Mon 21 Feb 2022
Cavita Chapman, head of EDI for the Southeast Regional team at NHS England, explains why she believes equality must meet strategy
By Murielle Gonzalez
Trinidadian-born Cavita Chapman is a mental health nurse with more than 20 years' experience in the UK's health sector — and she is an equality champion. Chapman currently works as Head of Equality, Diversity and Inclusion (EDI) for the South East regional team at NHS England, and in that role, she has seen the challenges and opportunities that colleagues across trusts face in their efforts to celebrate diversity and foster a culture of inclusion in the workplace. Chapman will be speaking at 'Staff Networks' on 30 March, and this interview is a prelude to the valuable insights she will present at the event.
"We are at a junction where most staff are familiar with what equality is and what diversity means — they interact with equality, diversity and inclusion in different aspects of their jobs," says Chapman before revealing her vision for the sector. "As a senior leader, I want to see more strategic thinking in how we design the provision of care. I think equality must meet strategy."
For Chapman, one of the challenges at NHS trusts is bringing the conversation about equality, diversity and inclusion forward and into your business plan. "At the moment, it's an afterthought," she says.
Chapman explains: "For example, when you're writing a five-year business plan in any organisation, you would have a finance director on the board — you can't plan without knowing how much money you have.
"In the same way, you need to understand the needs of people from an equality perspective because you can't plan without consideration of all the characteristics we have protected by law — age, disability (including mental health and carers), gender reassignment (transgender, nonbinary, gender diverse), pregnancy, maternity, marriage and civil partnership, race (ethnicity, heritage groups, nationality), religion or belief (including atheism, ethical veganism, and pacifism), sex (male and female), and sexual orientation (lesbian, gay, bisexual, heterosexual). These protected characteristics are fundamental to the people you're planning the care for and to the people working for you in a trust."
The EDI mindset
Chapman believes that embedding equality, diversity and inclusion in business planning allows organisations to allocate a strategy — and resources — where equality issues arise. She argues that in the same fashion that businesses seek to design out inefficiency to make a profit, in equality, you seek to design out the disadvantage because it will only cost you more later. "Designing out the disadvantage allows us to design in all the advantages for people who need them the most," she explains.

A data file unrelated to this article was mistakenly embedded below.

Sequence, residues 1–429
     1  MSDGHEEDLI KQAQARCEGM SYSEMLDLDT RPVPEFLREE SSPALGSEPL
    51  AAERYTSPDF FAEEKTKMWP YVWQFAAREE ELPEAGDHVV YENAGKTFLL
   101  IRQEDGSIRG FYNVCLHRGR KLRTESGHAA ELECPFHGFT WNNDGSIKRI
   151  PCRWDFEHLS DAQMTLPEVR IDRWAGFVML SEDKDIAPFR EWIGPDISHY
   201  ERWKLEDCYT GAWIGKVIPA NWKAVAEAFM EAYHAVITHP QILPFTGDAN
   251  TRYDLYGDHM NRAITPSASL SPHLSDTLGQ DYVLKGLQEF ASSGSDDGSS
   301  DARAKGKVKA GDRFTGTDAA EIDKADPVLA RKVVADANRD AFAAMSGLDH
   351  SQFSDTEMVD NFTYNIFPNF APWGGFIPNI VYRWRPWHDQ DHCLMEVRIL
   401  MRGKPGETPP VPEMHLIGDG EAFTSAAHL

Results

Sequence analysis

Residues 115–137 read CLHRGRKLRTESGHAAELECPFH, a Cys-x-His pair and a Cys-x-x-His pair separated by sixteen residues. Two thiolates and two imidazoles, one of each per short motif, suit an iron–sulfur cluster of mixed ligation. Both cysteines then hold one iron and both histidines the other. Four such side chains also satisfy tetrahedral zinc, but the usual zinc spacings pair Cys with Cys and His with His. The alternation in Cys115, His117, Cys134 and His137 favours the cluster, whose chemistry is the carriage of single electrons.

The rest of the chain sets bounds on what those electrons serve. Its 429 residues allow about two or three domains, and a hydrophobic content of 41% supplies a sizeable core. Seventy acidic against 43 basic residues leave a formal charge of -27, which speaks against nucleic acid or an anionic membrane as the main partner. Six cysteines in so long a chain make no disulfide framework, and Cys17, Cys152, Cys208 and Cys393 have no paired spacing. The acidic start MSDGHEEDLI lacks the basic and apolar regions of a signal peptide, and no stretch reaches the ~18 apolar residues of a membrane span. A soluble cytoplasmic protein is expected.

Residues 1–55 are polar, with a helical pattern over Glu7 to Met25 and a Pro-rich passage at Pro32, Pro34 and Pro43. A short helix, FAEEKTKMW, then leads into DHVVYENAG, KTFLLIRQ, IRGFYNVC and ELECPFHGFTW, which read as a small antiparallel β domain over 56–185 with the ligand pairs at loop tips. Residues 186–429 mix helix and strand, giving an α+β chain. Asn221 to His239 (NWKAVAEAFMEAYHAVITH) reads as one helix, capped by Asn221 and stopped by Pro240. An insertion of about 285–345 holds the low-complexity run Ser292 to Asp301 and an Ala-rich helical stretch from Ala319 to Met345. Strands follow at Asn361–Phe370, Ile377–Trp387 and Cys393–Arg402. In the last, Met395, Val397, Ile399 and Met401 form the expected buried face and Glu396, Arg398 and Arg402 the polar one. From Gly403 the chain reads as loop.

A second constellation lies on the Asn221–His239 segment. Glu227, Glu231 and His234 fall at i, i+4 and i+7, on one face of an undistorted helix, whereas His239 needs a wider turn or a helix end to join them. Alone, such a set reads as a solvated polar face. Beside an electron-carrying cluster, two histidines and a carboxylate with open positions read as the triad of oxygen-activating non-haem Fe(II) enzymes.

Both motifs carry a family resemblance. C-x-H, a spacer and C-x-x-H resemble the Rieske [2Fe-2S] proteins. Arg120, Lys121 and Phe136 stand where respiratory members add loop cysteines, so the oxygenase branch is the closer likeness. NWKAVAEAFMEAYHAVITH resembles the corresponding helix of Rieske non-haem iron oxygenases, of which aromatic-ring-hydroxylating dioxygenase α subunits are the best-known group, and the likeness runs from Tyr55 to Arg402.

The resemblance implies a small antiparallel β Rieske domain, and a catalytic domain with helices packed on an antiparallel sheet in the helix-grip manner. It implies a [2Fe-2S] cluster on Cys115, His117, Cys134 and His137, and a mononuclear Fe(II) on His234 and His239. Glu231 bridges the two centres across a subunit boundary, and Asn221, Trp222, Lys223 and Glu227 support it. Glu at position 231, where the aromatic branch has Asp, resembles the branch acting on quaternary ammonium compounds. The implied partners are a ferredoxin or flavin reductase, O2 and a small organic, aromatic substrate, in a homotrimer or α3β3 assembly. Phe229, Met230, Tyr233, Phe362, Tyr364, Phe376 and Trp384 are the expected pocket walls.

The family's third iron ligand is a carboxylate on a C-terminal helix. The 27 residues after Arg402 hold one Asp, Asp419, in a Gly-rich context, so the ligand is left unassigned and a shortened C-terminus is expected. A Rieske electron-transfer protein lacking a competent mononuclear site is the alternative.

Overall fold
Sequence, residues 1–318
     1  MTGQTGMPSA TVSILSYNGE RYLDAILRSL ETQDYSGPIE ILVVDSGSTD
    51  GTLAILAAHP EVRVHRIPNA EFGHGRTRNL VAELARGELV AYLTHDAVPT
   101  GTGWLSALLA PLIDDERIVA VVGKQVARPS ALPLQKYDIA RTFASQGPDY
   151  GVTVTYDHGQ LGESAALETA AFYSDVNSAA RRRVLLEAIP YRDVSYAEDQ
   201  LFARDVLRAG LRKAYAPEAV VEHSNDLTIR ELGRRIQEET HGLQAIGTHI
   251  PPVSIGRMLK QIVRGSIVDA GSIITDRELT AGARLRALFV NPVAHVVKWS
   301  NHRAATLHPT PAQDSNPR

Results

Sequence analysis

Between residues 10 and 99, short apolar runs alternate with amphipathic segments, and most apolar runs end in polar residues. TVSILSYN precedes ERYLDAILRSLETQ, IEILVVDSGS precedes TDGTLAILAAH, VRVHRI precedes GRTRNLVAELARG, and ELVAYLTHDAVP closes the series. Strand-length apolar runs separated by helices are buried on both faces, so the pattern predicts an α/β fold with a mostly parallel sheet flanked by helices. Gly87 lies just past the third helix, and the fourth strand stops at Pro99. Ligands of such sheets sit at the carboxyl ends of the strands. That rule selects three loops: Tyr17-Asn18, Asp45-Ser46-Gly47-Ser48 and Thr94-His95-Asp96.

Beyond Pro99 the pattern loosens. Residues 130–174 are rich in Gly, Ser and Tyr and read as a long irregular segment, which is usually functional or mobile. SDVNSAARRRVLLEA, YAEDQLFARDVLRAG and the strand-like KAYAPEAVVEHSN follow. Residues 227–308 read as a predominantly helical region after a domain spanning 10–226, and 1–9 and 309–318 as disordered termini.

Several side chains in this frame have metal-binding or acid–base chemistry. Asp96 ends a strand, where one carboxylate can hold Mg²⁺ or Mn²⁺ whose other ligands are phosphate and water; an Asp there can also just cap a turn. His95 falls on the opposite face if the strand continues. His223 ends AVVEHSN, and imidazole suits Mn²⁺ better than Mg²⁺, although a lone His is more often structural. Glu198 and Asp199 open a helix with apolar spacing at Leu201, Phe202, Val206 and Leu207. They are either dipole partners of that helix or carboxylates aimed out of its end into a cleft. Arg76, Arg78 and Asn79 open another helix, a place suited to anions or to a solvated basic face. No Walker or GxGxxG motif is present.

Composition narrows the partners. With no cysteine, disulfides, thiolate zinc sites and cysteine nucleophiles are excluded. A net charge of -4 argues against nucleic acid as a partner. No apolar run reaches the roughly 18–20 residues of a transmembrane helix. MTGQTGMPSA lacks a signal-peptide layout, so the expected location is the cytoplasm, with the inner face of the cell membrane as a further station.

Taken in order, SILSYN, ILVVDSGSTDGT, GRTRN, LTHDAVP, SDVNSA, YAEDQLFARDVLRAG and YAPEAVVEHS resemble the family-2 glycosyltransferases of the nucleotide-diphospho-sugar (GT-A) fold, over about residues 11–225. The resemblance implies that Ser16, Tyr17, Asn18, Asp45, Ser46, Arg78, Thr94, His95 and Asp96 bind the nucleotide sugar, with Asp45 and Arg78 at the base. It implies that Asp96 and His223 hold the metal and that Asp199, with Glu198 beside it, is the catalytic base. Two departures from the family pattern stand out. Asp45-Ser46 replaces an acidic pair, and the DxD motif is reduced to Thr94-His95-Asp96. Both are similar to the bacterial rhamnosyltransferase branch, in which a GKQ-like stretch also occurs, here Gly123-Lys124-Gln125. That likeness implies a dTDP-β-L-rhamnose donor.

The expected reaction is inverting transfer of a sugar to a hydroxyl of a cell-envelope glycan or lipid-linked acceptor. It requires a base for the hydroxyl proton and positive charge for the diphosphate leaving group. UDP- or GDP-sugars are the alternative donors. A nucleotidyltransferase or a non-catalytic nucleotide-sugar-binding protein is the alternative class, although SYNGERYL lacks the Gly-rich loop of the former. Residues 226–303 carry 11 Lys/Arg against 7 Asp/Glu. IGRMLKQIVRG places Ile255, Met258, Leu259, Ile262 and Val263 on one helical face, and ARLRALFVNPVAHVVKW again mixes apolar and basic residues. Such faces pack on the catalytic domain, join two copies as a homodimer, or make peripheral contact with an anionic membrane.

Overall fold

Can you give an example of how to embed the EDI mindset in your planning?
For example, when you design the rotas and budgets for a team in your trust, ask yourself: have I done it with the parents, the disabled staff, and the newcomers, carers, etc. in mind, or have I designed them with a default five shifts a week, full-time working hours?
If you are designing service, then all the protected characteristics must be taken into account in terms of access. Equality is about access, and we want to design with people in mind to take away disadvantages.
It might take longer, more flexibility, or a certain amount of money, but equality is about fairness, and fairness is about customising.
What does customising mean to the intersectionality of protected characteristics?
Intersectionality happens when navigating society and one of your intersecting identities (those that are protected by law) gives you an advantage, a privilege or causes discrimination. For example, we hear about white privilege a lot, but if you only relate privilege to whiteness, you only focus on one intersecting characteristic: ethnicity. What about all the others?